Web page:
The second chapter is the most difficult of all. Again, Faulkner uses language very in a very specific way, this time recreating a mental breakdown through disintegrating syntax. Most importantly, the chapter is pretty much a treatise on the nature of metaphysical time and the decline of social patriarchies. There also a series of ruminations about his family. You cannot dramatise any of that. If he were to discuss these themes with his peer Shreve, it would feel stagy. There are a sequence of images of Quentin with an errant child which would work well cinematically, but placed after a delirous Malick-like montage it would turn the film into a cluttered mess. I think that this chapter would make a good film in its own right if it were treated in an austere way. We could follow Quentin introspecting, travelling on a train, the recurrence of ticking clocks, etc.

The third chapter I guess is less problematic than the two chapters above.  Following Jason in his perambulations would work well, I guess. Yet, once again, the chapter is very subjective. Jason's unlikeable traits are as much evinced by his razor-sharp language as they are by his actions.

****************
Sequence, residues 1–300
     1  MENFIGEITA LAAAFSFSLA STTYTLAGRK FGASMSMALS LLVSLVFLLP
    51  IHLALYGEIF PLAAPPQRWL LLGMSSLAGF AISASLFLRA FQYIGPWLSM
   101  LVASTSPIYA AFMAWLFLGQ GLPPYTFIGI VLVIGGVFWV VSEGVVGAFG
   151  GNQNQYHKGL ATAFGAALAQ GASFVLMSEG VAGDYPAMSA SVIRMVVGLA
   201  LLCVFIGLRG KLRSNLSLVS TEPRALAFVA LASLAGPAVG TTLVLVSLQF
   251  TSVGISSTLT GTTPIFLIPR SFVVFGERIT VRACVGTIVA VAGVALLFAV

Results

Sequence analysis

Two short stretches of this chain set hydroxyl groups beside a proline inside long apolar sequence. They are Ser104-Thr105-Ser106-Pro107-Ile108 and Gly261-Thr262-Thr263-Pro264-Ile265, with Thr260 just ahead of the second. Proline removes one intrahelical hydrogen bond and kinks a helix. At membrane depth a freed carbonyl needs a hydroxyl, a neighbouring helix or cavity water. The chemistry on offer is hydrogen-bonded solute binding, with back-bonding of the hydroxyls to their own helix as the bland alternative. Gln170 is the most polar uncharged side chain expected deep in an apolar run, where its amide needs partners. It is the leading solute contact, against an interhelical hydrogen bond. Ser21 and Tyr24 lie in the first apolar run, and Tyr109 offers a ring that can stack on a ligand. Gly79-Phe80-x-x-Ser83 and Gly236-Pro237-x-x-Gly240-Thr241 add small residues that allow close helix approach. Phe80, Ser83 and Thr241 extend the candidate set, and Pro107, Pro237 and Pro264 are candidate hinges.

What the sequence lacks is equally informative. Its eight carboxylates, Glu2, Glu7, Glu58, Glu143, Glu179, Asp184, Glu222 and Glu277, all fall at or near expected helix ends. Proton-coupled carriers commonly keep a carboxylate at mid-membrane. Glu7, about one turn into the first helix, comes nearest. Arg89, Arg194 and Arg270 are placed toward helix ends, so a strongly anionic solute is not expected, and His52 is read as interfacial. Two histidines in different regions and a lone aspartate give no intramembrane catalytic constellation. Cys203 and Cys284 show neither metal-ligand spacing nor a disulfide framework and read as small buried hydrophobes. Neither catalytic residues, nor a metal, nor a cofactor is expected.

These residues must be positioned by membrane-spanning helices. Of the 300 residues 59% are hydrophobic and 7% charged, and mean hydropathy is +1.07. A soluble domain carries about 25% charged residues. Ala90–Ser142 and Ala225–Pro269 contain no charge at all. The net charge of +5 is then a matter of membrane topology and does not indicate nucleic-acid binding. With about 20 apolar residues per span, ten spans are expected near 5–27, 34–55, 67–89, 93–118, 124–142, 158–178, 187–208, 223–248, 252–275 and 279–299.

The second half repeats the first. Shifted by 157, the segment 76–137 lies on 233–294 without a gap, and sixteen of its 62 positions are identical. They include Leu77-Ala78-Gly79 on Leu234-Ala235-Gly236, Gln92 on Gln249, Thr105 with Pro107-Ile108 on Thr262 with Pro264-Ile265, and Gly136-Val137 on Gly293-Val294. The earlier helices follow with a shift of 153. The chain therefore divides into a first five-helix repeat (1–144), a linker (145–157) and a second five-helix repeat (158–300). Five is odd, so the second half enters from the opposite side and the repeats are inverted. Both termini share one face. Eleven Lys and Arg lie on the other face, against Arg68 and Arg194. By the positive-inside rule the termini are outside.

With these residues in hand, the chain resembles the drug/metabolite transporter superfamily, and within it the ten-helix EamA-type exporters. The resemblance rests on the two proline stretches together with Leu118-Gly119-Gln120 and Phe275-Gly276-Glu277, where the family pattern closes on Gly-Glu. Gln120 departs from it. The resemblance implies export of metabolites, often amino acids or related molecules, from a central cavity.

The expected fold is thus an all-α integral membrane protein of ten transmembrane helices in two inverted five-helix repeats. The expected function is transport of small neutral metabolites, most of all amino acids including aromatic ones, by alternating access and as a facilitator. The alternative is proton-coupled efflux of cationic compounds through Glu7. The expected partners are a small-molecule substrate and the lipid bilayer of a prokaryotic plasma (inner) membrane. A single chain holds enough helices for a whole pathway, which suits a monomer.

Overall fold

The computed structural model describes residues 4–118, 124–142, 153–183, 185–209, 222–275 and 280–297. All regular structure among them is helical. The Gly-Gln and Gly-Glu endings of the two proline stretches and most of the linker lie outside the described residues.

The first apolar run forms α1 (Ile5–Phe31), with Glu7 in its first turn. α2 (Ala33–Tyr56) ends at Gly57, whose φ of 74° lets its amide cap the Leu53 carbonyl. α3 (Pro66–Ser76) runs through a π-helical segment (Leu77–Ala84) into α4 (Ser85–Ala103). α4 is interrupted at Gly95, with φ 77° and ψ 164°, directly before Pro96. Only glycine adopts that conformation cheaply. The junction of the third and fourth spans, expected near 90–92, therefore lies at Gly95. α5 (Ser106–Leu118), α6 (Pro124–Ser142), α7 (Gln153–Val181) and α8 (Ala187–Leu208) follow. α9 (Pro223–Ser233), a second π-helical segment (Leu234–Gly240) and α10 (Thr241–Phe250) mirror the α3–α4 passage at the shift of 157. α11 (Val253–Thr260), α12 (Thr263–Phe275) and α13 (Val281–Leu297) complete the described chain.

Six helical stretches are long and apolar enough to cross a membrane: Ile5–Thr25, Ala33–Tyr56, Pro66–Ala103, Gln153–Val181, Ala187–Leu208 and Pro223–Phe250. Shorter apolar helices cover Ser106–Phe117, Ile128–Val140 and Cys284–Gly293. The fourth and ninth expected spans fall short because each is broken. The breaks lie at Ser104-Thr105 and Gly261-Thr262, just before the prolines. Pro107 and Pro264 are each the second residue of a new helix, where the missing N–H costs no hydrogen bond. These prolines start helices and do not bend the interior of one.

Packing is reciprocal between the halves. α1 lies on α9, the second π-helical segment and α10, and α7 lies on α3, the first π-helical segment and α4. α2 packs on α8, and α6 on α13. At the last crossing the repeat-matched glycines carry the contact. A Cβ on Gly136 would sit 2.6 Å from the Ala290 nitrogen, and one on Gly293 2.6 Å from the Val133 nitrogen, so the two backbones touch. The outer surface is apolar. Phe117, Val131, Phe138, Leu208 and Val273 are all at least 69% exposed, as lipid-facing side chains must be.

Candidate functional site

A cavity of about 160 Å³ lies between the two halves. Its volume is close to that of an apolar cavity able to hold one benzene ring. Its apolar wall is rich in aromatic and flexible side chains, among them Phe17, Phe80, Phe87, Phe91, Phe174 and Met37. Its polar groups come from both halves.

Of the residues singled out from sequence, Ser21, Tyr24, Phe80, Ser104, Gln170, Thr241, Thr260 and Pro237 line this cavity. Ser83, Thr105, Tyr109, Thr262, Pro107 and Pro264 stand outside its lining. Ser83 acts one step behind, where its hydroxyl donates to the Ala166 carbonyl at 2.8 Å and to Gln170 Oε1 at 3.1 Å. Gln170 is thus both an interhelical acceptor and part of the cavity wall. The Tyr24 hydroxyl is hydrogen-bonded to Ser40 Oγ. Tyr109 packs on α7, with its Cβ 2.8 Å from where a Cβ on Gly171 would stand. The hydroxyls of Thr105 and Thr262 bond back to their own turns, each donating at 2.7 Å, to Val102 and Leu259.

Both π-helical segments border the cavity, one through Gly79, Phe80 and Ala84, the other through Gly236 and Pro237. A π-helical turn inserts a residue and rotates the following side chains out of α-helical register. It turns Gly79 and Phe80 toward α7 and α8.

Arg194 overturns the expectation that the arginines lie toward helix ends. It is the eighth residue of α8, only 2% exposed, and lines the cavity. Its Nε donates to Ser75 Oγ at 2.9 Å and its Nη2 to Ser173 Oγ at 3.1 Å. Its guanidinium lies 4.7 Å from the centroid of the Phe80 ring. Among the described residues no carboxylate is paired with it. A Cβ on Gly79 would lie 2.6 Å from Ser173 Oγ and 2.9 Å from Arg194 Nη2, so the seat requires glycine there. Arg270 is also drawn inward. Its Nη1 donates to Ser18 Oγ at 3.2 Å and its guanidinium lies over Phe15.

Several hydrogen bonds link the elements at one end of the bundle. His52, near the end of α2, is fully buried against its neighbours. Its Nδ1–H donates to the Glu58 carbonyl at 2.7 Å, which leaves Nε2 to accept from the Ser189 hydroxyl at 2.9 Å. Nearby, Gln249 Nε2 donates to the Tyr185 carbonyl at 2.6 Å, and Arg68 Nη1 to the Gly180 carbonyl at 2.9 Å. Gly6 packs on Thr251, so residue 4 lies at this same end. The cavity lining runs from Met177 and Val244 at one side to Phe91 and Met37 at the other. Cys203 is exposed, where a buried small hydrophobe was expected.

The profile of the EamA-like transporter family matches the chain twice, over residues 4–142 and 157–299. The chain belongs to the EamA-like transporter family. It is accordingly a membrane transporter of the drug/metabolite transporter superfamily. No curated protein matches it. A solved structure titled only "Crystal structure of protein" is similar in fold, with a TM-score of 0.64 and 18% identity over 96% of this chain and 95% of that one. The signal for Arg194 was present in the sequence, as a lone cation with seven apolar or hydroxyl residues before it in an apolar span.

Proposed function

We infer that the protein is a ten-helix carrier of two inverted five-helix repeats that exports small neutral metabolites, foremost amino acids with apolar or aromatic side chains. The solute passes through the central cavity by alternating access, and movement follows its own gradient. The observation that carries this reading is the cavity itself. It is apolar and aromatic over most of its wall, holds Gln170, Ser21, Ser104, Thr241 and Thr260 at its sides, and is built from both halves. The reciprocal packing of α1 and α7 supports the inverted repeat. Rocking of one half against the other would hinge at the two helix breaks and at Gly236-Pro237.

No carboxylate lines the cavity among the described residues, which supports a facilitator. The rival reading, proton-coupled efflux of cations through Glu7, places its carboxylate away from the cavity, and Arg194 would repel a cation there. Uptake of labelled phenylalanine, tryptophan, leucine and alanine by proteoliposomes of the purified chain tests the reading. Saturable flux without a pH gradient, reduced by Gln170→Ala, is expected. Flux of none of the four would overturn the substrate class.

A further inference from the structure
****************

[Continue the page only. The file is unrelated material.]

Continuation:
The fourth chapter is the most cinematic. I already described how well the ending would well. One of the most pivotal roles of this chapter is that it ties all everything together. Everything coheres in the end and you return to the preceding chapters until everything makes sense. A film would struggle to pull that off because most of the ambiguities and asperities the reader encounters beforehand are to do with Faulkner's opaque language. The ending in the film would not resolve everything, it would just make matters more confusing.

Yet I would certainly attend a screening of this whenever it comes out. Faulkner is my favourite writer and it would be intriguing to see these neurotic, brooding characters on screen.

Saturday, 8 March 2014

Global warming!

Shepperton flooded
If J. G. Ballard were alive, he would have appreciated the irony. The town he lived in for forty years, and where he wrote the bulk of his books, was flooded.

Fiction turning into reality? Was Ballard a seer? Did he intimate that those polar ice caps in the North Pole would really melt?